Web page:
The war in Yemen was not only poisoning Nasser’s international standing, but it was also threatening to upset stability back home. As the intervention dragged on, Egypt’s economic condition went from bad to worse, domestic discontent rose to dangerous levels, and mounting criticism from within the Arab world began to take its toll on Nasser’s reputation. In May 1967, Nasser made a gambit to solve all of these problems by shifting world attention northward.

He marched his army into the Sinai desert in broad daylight, triggering an international crisis that erupted in six days of war with Israel. The result was a catastrophic defeat, which led to the withdrawal of Egyptian forces from Yemen — thus making Israel the unlikely handmaiden of Saudi victory.

With Egypt now bankrupt, Nasser was forced to pull out of Yemen in exchange for a pledge of financial aid from King Faisal. This transaction, which took place in August 1967 at the Arab League summit in Khartoum, Sudan — famous for its “three no’s” to Israel — symbolized the shift of power from Cairo to Riyadh that had occurred over the course of the war in Yemen. Nasserism was a spent force.

In November 1967, the last Egyptian soldier departed the Arabian Peninsula, ending the existential threat to the Saudi kingdom for a generation. Egypt’s man in Yemen, President Abdullah al-Sallal, was ousted in a coup as soon as Egyptian forces left Sanaa. Remarkably, the republic survived, though Sallal’s successors did little to fulfill the grand promises of the revolution, and the kleptocracy they built collapsed under the weight of its own illegitimacy nearly a half-century later.
* * *

If President Abdel Fattah al-Sisi knows his history, he should be hesitant to commit Egypt to another ground war in Yemen. Yet the temptation to seize this opportunity to restore Egypt’s diminished stature in the region must be great — as it was for Nasser in 1962.

There may be a middle way. Back then, sensible advisors urged Nasser to make do with air and logistical support for indigenous forces fighting in support of the Yemeni republic. Surely, a similar scenario is making the rounds in Cairo at the moment. For Egypt’s sake, we can hope that today’s Mahrizis carry the day.

And if they do not? Here are three lessons that the intervening powers can draw from the Egyptian experience in Yemen.

First, they should not expect the full backing of the United States. The vantage point of a superpower is always more complicated than the perspective of any regional actor. But this administration’s perspective on the Middle East diverges sharply from prevailing opinion in Cairo and Riyadh. The Saudis — now joined by their erstwhile adversaries, the Egyptians — will do their best to point out the folly of U.S. efforts to appease Iran, just as they did in the 1960s when their nemesis was Nasser. Then as now, it is doubtful their pleas will be heard.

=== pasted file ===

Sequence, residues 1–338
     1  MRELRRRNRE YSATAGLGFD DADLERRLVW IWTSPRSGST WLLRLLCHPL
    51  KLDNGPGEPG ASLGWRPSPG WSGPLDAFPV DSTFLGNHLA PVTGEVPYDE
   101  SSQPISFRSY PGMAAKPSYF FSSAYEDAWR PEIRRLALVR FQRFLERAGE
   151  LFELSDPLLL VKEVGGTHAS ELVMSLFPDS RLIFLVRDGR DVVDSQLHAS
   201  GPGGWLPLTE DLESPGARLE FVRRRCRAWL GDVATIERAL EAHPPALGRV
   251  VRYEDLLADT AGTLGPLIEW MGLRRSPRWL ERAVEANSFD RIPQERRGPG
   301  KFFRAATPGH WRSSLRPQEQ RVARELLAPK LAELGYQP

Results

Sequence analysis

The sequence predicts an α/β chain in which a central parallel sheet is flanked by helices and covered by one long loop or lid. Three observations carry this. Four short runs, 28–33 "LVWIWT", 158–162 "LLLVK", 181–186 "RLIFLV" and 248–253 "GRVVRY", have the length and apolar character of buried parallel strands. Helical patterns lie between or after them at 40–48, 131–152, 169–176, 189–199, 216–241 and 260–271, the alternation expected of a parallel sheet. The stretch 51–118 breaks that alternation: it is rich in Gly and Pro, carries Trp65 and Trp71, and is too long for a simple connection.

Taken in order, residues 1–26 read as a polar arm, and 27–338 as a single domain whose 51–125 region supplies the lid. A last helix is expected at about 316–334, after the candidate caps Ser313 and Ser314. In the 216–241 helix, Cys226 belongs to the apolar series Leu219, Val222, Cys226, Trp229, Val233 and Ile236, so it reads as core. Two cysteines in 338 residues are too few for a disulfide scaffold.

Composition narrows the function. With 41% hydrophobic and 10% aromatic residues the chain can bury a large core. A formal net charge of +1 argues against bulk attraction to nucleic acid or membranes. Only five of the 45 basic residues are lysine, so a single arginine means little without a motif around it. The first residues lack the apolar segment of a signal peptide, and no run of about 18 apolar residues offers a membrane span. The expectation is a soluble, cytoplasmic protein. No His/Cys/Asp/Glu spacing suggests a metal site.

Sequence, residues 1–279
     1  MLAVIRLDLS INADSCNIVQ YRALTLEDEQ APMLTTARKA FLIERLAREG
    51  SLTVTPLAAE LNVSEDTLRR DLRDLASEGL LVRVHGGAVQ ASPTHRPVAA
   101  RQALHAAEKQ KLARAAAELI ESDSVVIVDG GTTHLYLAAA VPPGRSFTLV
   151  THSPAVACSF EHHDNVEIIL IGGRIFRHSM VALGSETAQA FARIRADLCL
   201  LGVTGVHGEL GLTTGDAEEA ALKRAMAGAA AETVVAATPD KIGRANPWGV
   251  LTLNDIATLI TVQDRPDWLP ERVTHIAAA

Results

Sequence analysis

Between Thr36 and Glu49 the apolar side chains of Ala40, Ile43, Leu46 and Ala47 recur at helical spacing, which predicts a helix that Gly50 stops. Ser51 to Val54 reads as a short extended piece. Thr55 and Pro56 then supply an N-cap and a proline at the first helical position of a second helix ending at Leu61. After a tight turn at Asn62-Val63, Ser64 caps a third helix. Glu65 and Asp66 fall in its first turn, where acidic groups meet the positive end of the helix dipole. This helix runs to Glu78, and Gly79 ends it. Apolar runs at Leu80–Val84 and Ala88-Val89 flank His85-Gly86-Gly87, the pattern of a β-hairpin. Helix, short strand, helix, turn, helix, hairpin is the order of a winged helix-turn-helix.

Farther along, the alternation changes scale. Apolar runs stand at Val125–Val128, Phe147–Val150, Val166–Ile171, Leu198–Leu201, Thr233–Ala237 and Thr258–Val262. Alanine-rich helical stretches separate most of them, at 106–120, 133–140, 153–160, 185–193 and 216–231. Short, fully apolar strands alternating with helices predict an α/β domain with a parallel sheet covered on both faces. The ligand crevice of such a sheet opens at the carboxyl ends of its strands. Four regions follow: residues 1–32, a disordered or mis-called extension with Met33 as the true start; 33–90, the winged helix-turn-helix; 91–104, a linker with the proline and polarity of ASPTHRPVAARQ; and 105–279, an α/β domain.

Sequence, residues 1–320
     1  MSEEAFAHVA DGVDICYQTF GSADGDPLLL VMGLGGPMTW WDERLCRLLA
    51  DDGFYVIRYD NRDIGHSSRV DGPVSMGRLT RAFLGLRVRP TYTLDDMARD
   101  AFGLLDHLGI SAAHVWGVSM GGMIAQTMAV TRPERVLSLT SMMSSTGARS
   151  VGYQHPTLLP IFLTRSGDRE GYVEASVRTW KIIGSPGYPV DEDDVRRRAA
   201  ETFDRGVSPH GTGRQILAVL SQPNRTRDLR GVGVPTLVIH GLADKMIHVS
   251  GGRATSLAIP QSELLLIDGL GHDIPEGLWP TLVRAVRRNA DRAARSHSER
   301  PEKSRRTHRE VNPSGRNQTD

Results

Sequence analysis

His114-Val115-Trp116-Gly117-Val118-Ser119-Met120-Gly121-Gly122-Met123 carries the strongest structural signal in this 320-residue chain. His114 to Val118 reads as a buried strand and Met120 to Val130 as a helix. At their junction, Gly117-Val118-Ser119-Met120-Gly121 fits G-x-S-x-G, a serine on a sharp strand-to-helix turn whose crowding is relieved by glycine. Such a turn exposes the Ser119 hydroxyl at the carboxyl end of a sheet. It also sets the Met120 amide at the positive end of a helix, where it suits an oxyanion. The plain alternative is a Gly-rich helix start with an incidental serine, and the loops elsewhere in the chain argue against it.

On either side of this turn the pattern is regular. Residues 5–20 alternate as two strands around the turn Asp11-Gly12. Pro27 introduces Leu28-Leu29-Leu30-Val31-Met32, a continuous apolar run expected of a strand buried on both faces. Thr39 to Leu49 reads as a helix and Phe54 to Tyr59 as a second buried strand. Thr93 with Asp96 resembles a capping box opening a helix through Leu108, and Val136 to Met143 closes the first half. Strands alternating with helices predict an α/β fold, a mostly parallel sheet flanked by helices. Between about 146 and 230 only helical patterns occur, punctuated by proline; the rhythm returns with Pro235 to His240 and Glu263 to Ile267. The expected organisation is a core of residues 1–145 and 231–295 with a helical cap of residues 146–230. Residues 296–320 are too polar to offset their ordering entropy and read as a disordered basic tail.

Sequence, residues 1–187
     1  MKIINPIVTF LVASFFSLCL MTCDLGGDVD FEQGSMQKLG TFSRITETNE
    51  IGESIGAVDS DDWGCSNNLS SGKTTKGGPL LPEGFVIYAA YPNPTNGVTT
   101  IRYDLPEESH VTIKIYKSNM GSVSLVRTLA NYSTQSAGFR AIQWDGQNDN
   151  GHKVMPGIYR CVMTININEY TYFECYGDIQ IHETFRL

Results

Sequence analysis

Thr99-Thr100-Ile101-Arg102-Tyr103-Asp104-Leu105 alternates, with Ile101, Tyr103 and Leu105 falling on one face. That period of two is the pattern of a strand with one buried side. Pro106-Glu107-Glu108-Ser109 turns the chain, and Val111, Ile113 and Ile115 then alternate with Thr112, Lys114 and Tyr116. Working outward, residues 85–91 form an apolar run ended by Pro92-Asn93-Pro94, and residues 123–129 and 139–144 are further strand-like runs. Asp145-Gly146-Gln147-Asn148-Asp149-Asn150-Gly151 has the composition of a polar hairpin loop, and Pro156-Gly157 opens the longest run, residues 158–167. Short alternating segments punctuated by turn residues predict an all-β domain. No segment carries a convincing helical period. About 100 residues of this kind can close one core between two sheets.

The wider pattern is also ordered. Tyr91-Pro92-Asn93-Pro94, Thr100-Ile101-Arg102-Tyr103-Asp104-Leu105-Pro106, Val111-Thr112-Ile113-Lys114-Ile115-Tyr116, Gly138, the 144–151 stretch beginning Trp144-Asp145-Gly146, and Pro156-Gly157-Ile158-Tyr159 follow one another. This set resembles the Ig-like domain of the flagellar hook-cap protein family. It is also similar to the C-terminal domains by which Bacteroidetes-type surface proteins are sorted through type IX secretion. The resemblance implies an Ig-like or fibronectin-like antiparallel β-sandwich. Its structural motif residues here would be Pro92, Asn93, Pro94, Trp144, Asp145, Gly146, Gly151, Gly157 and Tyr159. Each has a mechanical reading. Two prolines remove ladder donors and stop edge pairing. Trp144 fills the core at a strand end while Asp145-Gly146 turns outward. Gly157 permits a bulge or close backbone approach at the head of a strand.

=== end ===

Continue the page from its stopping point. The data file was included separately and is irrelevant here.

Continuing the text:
Second, the intervening powers will have to marshal a sizable army if they wish to conquer and hold Yemen. In the 1960s, the Egyptians deployed 70,000 men, lost at least 10,000 of them, and still failed to pacify the forerunners of today’s Houthis. Not for nothing is Yemen known as maqbarat al-Atrak — “graveyard of the Turks” — after Ottoman forces suffered heavy losses in their attempts to subdue repeated tribal rebellions throughout the 19th century. The intervening powers might do better to limit their objectives: If they are prepared to accept a power-sharing agreement that preserves Houthi gains but denies them the strategic prizes of Aden and Bab el-Mandeb, they could make do with smaller ground forces buttressed by air and sea power.

Third, there are no permanent allegiances in Yemen. The Saudis recently received a reminder of this fact when their man in Yemen, ousted President Ali Abdullah Saleh, dropped them in a heartbeat for the ascendant Houthis. The Houthis, in turn, had no problem joining hands with Saleh, even though their founder had been killed in 2004 by the Yemeni army — on Saleh’s orders.

The disintegrative tendencies that have always plagued Yemen have only gained force since the Arab Spring struck Sanaa in 2011. Yemen today is a broken state, in which tribal affiliations are once more paramount and alliances form and dissolve in a kaleidoscopic manner. Any would-be conqueror with the temerity to ride the tribal tiger in Yemen will need considerable dexterity to navigate among the clans and an endless supply of funds with which to ply them.

If the prosperous Saudis can avoid the sort of protracted counterinsurgency that bogged down four Egyptian divisions in the 1960s, they should be able to keep up the war effort in Yemen indefinitely. The bigger question is: How long can the Iranians, while still under debilitating economic sanctions, sustain a competition with Saudi treasure in Iraq, Syria, and Yemen? That answer may not be found in Cairo, Riyadh, or Sanaa, but depends instead on the final outcome of the negotiations underway between Washington and Tehran over the future of Iran’s nuclear program.
http://foreignpolicy.com/2015/04/03/egypts-vietnam-yemen-nasser-sisi/